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March 19th, 2014 MATTHEW SINGER | Music Stories
 

Lance Bangs on Breadcrumb Trail

The Portland director has solved the mystery of indie-rock innovators Slint. It only took him 23 years.

music_slintspiderland_4020The cover of Slint’s Spiderland.
     
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In 1991, at an underground music club in Asheville, N.C., Lance Bangs heard an album so weird and wondrous it would obsess him for the next two decades. That record, Spiderland, was by Slint, a band from Louisville, Ky., that had already broken up by the time the now Portland-based music-video director discovered them. Breadcrumb Trails, Bangs’ documentary on the post-rock pioneers, germinated in that moment. Twenty-three years later, it’s finally done. Willamette Week spoke to Bangs about the myths surrounding Slint, and whether it was worth it to unravel them. 



Willamette Week: Can you remember hearing Slint for the first time?

Lance Bangs: In the spring of 1991 I rode in a van with bandmates from Athens, Ga., to Asheville, N.C., where an artist named Pattiy Torno had opened an all-ages venue called Squashpile. The sun had set as we carved through the mountains down to a warehouse near a river bend, and walked into this underground outpost. Spiderland was playing from a record player through the PA of the empty room, and combined with everything in the atmosphere around us, it was immediately captivating.


What was it about Slint that made you spend 23 years assembling a documentary on them?

There was a complete lack of information when I was first fascinated by the music.  No band name or album title on the front, just a cryptic black-and-white photo; music that sounded way more elaborately finessed than traditional bass/guitar/drums music coming out at that time on the same labels; a band that had broken up before releasing the album with no tours, photo shoots, magazine interviews or videos circulating.  I was traveling regularly from Athens to other music scenes around the country and began specifically driving to Louisville to try asking around about who had made this album and why they weren’t still active.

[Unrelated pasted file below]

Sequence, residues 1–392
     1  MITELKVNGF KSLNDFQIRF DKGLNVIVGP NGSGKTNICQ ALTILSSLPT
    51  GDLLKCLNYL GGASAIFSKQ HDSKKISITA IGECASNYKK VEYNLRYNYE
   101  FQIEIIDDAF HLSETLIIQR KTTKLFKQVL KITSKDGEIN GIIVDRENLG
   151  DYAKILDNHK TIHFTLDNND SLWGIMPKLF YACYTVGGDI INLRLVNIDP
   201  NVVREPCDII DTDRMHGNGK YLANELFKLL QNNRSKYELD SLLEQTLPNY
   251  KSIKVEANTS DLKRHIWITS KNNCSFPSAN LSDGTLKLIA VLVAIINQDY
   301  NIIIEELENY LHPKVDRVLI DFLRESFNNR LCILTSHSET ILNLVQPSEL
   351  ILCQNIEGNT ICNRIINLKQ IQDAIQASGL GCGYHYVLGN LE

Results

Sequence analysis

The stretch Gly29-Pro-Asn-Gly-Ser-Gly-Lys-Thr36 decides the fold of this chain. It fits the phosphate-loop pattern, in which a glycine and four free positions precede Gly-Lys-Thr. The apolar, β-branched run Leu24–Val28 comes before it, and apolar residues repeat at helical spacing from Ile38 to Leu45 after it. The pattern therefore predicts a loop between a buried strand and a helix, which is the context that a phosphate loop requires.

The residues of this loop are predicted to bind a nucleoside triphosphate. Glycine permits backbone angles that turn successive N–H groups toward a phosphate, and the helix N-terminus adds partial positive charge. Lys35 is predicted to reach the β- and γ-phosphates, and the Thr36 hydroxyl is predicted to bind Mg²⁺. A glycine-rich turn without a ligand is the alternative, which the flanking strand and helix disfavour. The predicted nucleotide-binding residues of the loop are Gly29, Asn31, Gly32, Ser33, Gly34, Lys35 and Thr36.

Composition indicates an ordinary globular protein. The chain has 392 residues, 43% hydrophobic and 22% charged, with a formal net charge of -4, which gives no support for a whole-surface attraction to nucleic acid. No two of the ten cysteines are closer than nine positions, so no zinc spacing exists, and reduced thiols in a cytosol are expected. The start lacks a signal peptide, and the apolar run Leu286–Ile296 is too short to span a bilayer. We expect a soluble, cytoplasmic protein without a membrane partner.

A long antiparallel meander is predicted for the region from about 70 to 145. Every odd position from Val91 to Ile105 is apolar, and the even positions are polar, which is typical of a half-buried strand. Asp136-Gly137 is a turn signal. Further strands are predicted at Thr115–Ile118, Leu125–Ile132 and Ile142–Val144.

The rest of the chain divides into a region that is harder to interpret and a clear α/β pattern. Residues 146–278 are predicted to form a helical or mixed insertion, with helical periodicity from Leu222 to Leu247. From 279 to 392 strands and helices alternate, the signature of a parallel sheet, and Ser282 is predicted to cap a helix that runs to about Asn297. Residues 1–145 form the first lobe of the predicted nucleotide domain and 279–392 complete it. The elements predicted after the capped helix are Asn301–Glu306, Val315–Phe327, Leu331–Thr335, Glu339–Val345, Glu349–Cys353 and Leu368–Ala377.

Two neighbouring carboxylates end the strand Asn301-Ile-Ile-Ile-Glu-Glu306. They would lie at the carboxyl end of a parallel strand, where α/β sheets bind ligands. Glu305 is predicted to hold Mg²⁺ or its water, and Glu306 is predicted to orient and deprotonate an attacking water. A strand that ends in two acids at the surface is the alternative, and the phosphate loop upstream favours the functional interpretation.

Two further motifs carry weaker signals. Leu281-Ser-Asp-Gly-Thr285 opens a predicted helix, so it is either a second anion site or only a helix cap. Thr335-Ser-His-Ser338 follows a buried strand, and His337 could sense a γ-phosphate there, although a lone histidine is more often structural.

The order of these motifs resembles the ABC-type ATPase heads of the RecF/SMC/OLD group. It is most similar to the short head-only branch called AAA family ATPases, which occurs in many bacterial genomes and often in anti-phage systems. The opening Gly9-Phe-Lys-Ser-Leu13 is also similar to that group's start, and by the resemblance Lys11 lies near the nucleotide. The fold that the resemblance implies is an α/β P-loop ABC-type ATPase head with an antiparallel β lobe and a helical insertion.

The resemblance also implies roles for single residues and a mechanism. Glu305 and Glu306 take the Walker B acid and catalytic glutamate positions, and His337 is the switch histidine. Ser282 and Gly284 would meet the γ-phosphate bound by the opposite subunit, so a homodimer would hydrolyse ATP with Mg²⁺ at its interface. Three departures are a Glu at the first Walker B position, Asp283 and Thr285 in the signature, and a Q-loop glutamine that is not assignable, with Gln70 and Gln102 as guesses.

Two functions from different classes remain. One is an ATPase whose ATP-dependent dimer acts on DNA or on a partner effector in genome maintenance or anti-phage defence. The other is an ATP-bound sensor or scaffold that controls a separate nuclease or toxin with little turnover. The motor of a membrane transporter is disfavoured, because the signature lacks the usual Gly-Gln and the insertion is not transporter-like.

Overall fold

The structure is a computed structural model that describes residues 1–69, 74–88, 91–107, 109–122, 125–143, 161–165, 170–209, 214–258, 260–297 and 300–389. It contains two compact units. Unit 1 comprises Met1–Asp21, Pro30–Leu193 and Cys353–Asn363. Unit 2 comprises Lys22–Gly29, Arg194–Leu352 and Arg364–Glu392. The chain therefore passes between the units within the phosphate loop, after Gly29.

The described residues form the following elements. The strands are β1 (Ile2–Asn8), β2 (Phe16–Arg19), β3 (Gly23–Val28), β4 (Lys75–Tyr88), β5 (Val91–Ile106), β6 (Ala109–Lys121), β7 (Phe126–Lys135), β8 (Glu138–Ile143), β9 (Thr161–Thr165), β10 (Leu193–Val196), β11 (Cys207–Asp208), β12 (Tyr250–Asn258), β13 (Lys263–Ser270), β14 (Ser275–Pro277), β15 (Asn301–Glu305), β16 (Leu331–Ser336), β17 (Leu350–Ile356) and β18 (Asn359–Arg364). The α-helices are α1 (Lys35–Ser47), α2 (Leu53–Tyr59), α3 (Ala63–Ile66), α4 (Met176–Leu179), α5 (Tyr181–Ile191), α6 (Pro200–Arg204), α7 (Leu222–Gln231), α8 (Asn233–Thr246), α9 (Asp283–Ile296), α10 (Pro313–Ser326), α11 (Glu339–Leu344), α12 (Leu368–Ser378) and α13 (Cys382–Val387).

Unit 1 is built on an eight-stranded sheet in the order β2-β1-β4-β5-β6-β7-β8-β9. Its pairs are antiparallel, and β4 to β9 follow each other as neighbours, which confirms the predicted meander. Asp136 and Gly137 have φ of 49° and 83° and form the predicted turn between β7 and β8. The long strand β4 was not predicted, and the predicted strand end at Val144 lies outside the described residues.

The responses sounded unbelievable, with people claiming the band had gone insane, checked into mental hospitals, could hypnotize people with their eyes, had learned how to breathe without using their mouths or noses. I began assembling stories and shooting footage in Louisville while sort of following their tracks.


At what point did you realize all that footage would go into an actual documentary?

I tend to shoot continuously, so I was gathering footage without a planned end form. Mostly I collected stories and then told them to friends and other people within the circles I was travelling in. In 2005 the band assembled to perform at All Tomorrows Parties and a few other dates before dissolving again, and I was hired to direct what would have been a live DVD for Touch and Go [Records] of some shows at the Great American Music Hall in San Francisco. 

Once I started showing them those edits, as well as this separate footage I had been assembling, I was able to convince them to begin giving their first interviews about everything they had been through.  The documentary took form from there.   


Beyond Slint, the film is also about the Louisville punk scene. What made that scene special?

I was based in Athens, Ga., and adored it, but felt a huge affinity for what was happening up in Louisville as well.  People there were weirder and more poetic than my impression of the harsher Chicago-Minneapolis Midwest aesthetic. I made friends among bands like Rodan, Crain and the Rachels, who lived in a group house called Rocket House and would stay there or with Bob Nastanovich of Pavement, another band I was touring and filming with at the time.  I would describe the overall nature of Louisville musicians as charismatic figures with complex and deep inner lives who occasionally burst out into manic behavior that unsettles outsiders. 


In doing this project, what did you learn about the band that surprised you the most? 

The stories about [drummer] Britt [Walford] and [singer-guitarist] Brian [McMahan] being in punk bands during the original U.S. hardcore era at ages 11 and 12 were the most surprising thing once I began conducting interviews. The photos are bonkers.

The "mystique" of Spiderland is a big part of Slint's appeal. Are you worried the documentary will ruin that aura?

There is a tendency of some of the members to downplay or not recognize what is singular and atypical about themselves and their music. I was worried that they might try to dissipate the mystique, and the film is full of adolescent stories and wild behavior that belie the atmosphere of the album, but I think Spiderland remains a staggering work after learning everything that is revealed in the film.


What is Slint's legacy today, in your opinion?

They were teenagers who created their own world, and I think that excites and intrigues not only musicians but artists, writers, filmmakers and people who enjoy experiencing those works. Then they walked away, seemingly never motivated to seek personal attention for the results of their work. I admire that. 


SEE IT: Breadcrumb Trail is at Hollywood Theatre, 4122 NE Sandy Blvd., on Sunday, March 23. 7 pm. $8.

 
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